Why these veins appear
Varicose and spider veins are damaged veins. We develop them when tiny, one-way valves inside the veins weaken. In healthy veins, these valves push blood in one direction — back to our heart. When these valves weaken, some blood flows backward and accumulates in the vein. Extra blood in the vein puts pressure on the walls of the vein.
With continual pressure, the vein walls weaken and bulge. In time, we see a varicose or spider vein.
Some people have a higher risk of developing these veins. If blood relatives have them, you have a higher risk. Many people get them because they sit or stand for long periods most days of the week. These veins also become more common with age and during pregnancy.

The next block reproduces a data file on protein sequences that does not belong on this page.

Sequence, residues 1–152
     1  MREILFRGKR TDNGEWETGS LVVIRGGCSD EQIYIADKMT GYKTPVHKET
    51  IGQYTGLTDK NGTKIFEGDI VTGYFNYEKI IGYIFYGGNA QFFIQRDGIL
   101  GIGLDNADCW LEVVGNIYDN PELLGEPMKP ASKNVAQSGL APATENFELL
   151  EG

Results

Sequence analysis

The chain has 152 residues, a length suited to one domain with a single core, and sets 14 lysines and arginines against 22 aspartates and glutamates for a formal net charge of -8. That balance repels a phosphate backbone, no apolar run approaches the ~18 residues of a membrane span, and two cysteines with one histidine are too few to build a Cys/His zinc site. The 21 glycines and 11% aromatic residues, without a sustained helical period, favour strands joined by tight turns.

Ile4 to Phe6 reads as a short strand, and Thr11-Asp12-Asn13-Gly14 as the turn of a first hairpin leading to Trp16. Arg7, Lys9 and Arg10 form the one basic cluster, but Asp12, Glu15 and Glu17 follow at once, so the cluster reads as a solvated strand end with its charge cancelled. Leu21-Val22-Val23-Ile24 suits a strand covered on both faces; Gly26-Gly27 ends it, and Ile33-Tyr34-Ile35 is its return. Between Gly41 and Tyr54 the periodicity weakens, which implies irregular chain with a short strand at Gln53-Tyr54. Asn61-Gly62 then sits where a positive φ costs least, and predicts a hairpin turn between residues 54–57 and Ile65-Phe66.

Spider veins can also be caused by sunlight, hormonal changes, or an injury.
Some women do not have any symptoms with varicose veins and spider veins. If you do have symptoms, your legs may feel extremely tired, heavy, or achy. Your symptoms may get worse after sitting or standing for long periods of time. Your symptoms may get better after resting and putting your legs up.3
Other symptoms that may be more common with varicose veins include:
- Throbbing or cramping
Changing hormone levels may affect your symptoms. Because of this, you may notice more symptoms during certain times in your menstrual cycle or during pregnancy or menopause.